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Double integral over a region bounded by an ellipse

  1. Dec 5, 2011 #1
    1. The problem statement, all variables and given/known data

    Evaluate. ∫∫D x2 dAxy, bounded by 5x2 + 4xy + y2 = 1

    2. Relevant equations

    ∫∫D H(x,y) dAxy = ∫∫D H(u,v)[itex]\frac{\delta(x,y)}{\delta(u,v)}[/itex]dAuv

    3. The attempt at a solution

    So I understand I'm supposed to find a change of variables to transform the ellipse into a circle in the uv-plane, and then transform the circle into a square in polar coordinates, which has clearly defined boundaries.

    I have no problem taking the integral or making a change of variables, but I'm not sure what to pick for my uv-plane. Clearly, I want to end up with u2 + v2 = 1, but how do I figure out what to define my uv-plane as? The part that's throwing me off is the 4xy term.
  2. jcsd
  3. Dec 5, 2011 #2


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    The fact that the equation of the ellipse has an "xy" term means it is rotated. There are several different ways of determining the rotation. Essentially, you will get y= ax as one of the principal axes of the ellipse and taking u= y- ax will make that line the u-axis.
  4. Dec 5, 2011 #3
    What would be the best method of finding the principal axes?
  5. Dec 5, 2011 #4
    Sorry, I can't seem to find an edit button. By "best" method, I mean that this is a question that would typically appear on an exam and it seems like applying the principal axis theorem, making two change of variables and then taking two integrals is at least 30 minutes of work. On an exam that is 2 and a half hours long it seems to be a bit time-inefficient and stupid way of doing this question.

    The reason I raise this point is because I spent 30 minutes doing some 3-D graphing question on the midterm and ended up not having enough time to finish even though the rest of the exam was somewhat straight-foward and quite easy.

    Surely there's an easy way to find an equation for a principal axis (and then I can just take its orthogonal compliment to find the other one)? I can see by observation that (-1, 2) is an integer solution, but there's nothing telling me that it lies on the u-axis.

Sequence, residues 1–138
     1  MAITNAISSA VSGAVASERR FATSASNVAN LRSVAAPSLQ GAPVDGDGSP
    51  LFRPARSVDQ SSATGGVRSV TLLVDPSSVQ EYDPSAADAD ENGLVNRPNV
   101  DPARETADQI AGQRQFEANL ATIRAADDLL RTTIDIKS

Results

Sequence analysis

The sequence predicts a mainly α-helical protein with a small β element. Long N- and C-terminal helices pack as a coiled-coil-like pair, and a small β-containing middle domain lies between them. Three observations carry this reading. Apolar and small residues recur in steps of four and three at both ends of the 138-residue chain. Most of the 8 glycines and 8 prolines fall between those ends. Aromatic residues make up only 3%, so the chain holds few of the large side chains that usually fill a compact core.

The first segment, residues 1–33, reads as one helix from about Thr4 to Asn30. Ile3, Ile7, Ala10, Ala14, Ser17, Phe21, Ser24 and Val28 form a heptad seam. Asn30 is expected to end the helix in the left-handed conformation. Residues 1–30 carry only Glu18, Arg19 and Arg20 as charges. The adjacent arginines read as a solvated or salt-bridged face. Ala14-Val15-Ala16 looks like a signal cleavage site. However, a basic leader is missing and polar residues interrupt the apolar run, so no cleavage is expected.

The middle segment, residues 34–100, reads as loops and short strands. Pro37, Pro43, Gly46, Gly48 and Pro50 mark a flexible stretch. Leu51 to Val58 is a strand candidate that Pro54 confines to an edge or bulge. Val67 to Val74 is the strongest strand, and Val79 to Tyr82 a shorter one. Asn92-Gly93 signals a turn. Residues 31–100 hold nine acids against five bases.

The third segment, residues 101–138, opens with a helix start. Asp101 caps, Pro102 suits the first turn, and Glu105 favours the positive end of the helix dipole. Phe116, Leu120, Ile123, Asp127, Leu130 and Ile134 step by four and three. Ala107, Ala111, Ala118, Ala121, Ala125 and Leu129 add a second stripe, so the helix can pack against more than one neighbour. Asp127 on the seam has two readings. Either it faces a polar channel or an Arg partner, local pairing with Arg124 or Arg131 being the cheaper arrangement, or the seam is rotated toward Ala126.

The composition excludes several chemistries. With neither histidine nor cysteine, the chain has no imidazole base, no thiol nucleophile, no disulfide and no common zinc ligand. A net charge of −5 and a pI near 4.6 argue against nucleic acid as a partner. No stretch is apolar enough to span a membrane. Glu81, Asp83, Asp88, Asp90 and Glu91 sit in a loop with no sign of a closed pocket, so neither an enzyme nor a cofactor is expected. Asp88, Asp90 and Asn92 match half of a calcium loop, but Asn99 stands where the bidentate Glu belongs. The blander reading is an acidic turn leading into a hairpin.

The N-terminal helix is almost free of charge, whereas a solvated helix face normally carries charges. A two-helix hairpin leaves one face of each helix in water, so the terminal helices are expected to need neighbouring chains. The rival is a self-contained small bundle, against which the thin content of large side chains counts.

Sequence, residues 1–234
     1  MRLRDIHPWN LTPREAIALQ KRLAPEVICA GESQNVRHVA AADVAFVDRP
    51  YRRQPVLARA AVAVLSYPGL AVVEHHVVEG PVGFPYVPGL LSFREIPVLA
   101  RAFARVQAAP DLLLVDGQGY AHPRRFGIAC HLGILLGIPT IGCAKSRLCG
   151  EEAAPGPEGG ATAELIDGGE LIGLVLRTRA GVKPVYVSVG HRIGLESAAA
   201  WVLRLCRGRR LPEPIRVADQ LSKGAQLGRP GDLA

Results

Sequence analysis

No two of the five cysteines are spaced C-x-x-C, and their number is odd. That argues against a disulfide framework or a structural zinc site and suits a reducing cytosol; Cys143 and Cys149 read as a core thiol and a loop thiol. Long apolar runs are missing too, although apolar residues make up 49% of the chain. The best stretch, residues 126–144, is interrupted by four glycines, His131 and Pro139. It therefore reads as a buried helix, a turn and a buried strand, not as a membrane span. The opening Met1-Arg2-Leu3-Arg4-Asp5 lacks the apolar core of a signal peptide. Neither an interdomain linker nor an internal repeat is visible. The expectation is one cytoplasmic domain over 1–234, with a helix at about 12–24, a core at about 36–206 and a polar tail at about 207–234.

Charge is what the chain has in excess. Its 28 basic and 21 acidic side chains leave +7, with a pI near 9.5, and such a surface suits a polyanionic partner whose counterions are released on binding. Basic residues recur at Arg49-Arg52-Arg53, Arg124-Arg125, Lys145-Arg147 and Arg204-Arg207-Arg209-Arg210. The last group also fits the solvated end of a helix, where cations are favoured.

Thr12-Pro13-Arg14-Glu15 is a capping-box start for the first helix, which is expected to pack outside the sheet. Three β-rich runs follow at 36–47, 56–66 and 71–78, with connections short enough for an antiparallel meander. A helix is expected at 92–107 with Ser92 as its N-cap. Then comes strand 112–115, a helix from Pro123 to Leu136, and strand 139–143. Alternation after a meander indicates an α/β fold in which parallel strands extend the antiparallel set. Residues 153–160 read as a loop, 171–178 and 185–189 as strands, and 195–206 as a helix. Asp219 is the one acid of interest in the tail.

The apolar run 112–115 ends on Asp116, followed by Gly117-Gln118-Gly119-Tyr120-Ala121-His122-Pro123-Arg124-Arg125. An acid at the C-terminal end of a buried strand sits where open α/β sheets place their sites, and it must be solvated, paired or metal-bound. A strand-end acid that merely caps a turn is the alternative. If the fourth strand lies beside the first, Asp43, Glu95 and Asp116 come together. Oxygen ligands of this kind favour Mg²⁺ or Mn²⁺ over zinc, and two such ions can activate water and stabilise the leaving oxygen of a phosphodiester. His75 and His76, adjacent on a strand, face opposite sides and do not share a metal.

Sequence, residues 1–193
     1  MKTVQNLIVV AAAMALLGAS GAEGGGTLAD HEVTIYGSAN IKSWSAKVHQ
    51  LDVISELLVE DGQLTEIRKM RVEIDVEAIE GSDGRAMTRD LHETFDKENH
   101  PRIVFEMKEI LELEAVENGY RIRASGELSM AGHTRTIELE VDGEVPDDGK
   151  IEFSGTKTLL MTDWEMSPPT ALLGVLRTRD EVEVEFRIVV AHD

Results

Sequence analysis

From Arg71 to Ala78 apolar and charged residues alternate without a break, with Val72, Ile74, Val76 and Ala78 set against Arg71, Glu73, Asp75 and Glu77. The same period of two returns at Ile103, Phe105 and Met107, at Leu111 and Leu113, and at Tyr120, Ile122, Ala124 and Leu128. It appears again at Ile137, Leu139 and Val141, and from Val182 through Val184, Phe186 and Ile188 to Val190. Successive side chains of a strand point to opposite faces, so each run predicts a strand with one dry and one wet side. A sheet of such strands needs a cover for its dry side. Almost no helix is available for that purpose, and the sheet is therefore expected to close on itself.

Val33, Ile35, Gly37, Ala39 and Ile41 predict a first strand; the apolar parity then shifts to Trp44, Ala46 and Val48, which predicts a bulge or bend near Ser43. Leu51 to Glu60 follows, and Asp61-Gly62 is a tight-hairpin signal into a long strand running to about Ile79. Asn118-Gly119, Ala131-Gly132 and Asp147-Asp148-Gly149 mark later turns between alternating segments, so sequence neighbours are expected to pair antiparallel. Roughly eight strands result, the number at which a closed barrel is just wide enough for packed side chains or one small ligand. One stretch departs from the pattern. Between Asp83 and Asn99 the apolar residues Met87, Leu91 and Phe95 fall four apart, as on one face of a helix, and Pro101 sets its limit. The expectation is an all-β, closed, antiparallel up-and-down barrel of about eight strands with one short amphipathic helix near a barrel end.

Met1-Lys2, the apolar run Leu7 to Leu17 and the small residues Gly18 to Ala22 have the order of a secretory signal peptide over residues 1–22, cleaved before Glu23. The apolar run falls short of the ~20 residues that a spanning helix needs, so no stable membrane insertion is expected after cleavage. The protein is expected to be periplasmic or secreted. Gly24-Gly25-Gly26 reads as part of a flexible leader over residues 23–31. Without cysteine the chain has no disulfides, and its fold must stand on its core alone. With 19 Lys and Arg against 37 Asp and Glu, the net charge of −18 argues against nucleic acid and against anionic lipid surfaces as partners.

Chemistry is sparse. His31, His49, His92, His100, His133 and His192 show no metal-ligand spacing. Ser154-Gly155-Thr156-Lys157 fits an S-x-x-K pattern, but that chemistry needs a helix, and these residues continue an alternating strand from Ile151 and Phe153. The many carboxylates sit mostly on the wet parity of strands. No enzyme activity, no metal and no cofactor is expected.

6. Dec 6, 2011 #5
    Ain't no way I could do that on a test without the text book, Mathematica, coffee, and an hour or so

    You got:


    The xy term says it's rotated so use the rotation forumulas:




    so [itex]\alpha=\pi/8[/itex]

    Draw both of them, it's an ellipse rotated by pi/8

    make those substitutions and simplify I get:


    so I guess if you want to make it a circle, let:


    and I get:


    Is it still time to drop and add?
  7. Dec 10, 2011 #6
    Sorry to revive a somewhat dead thread, but I thought about this and we can just complete the square. I spent like half an hour typing out the itex of the full solution and to my dismay, somehow hit the back button on my browser. So I'll just post the hard part. I thought I should post my solution in case anyone else is having trouble with a similar problem.

    [itex]5x^{2} + 4xy + y^{2} = 1[/itex]
    [itex]= 5x^{2} + y^{2} + 4xy + 4x^{2} - 4x^{2}[/itex]
    [itex]= x^{2} + (y-2x)^{2} = 1[/itex]

    So we can take (u, v) = (x, y-2x) clearly, the jacobian is 1 and to polar coordinates it's also quite easy.

    Hence we are left to integrate on the rectangle, 0 <= r <= 1, 0 <= theta <= 2pi. We have x = u = rcos(theta). Thus our integral becomes:

    02pi01 r3cos(theta)2dr dtheta
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